Karisoke Research Center is the world’s basis for the study and protection of the critically in danger of extinction mountain gorillas. The center was initiated about 40 years ago by Dr. Dian Fossey and operated since her death in December 1985. It was set up by the Dian Fossey Gorilla Fund International. This fund formerly The Digit Fund is a charity trust for the conservation of the endangered mountain gorillas. The Fund was created by Dr. Dian Fossey for the sole aim of funding her anti-poaching circuits and patrols plus preventing more poaching of the mountain gorillas. At present, Karisoke is the paramount hope for the future and survival of mountain gorillas, and has turned out to be a substantial resource for people that dwell nearby the gorilla habitats.
Karisoke was founded by Dian Fossey on September 24, 1967 in the middle of two of Rwanda’s Virunga Mountains that motivated the name she selected, Mt. Karisimbi and Mt. Visoke to formulate Karisoke. Overtime, the research center grew from two minor tents to a sequence of cottages that were demolished, reconstructed and lastly damaged yet again during times of civil turbulence since Fossey’s death. Despite all the odds, the gorilla surveillance and safeguard which Fossey began have been persistent for more than 4 decades. Staff members at Karisoke now defend closely one third of the mountain gorilla population in the Virungas.
This research centre is visited by people who do a trekking to the Dian Fossey Grave site found at Karisoke. She is laid near her many fallen beloved mountain gorillas in the Volcanoes National Park in Rwanda
For the period it has been active, the Karisoke Research Center has fetched global attention and funding to the predicament of the mountain gorillas. The center has connected local populations with gorilla protection efforts via partnerships, health and education plus development schemes. Researchers and scientists now have access to a Forty-year data bank of figures and facts about the entire gorilla life cycle, conduct, habitation and preservation among others which are among the longest-running primate studies. As a consequence of the unceasing safeguard and monitoring by the Karisoke staff, the mountain gorillas of the Virungas are the only large ape populace to have augmented in number in recent periods that is from 260 when Fossey came to 380 at the latest count. This has been due to partnering with national park managements in Rwanda and DR Congo.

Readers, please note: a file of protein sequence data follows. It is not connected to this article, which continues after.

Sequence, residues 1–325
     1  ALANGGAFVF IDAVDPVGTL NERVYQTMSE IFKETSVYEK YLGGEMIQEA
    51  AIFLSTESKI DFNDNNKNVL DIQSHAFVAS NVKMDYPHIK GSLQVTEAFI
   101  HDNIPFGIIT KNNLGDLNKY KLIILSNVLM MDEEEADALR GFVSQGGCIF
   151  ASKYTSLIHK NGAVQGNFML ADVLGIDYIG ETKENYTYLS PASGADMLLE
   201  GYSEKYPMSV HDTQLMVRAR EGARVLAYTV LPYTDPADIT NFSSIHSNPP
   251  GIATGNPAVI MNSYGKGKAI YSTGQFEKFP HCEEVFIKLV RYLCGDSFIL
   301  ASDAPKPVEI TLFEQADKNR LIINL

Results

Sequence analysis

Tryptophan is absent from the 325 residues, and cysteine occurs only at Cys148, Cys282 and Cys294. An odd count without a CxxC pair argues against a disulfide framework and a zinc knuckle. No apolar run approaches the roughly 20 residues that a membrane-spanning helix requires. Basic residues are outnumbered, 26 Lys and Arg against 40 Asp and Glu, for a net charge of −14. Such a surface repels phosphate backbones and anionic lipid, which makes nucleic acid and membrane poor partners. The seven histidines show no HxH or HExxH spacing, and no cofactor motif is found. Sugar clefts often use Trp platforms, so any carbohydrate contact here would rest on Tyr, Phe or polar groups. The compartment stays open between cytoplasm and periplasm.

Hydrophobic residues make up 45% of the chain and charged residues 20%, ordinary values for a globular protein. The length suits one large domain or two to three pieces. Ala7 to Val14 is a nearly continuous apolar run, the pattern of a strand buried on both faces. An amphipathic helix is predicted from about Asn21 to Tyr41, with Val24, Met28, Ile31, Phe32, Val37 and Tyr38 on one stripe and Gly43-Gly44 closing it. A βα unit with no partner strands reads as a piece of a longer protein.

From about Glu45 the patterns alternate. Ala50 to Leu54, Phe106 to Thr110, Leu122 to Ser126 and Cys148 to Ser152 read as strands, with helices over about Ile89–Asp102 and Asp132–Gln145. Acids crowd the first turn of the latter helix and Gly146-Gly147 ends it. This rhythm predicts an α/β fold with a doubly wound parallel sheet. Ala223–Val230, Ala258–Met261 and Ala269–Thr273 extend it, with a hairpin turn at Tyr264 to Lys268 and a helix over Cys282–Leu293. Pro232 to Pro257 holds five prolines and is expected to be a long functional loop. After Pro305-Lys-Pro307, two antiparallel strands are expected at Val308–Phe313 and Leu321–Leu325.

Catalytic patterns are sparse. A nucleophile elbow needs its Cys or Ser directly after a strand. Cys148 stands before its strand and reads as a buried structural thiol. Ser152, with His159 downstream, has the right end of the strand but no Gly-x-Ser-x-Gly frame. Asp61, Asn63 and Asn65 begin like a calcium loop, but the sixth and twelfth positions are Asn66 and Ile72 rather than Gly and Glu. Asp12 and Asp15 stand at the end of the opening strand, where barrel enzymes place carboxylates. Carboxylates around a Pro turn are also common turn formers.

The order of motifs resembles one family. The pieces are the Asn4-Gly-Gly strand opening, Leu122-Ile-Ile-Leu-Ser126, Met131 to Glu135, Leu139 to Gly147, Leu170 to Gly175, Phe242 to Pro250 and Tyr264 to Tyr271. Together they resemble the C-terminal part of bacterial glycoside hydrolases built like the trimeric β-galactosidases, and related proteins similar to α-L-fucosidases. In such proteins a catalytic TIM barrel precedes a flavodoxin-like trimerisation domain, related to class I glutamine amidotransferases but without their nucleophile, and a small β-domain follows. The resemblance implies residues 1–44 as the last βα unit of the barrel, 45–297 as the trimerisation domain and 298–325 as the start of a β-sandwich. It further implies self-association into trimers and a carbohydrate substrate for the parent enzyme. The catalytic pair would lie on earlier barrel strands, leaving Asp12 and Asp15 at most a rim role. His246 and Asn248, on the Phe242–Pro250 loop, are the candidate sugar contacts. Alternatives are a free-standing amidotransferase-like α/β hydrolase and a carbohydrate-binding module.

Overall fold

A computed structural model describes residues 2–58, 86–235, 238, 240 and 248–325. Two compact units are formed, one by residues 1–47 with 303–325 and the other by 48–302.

Karisoke today carries out wide-ranging everyday monitoring and protection of the mountain gorillas. Lots of science and research developments; countless education initiatives plus community health and developments are going on. Since its inception, Karisoke has produced an unequalled amount of information about gorillas and their habitation. This has attracted experts and science research students from around ecosphere.
Karisoke is also a survival resource for the gorilla neighbours as it employs over 100 staff members, many of whom are Rwandese. Many of these staffs are involved in education research, conservation and monitoring of the gorillas. Others are doing socioeconomic and biodiversity research, health, education and administration. Furthermore, Karisoke offers human communities in the area with education, economic development and health programs.
Karisoke center staffs give conservation education to schools around. They do this from primary pupils to secondary school learners up to adult community fellows using a diversity of mass media. The Dian Fossey International Fund that supports the center has also helped renovate health clinic and schools proximate to the park. They have supported clean water and pest treatment and deterrence programs that lessen spread of illnesses from humans to gorillas at the same time improving the people’s lives in the close by communities.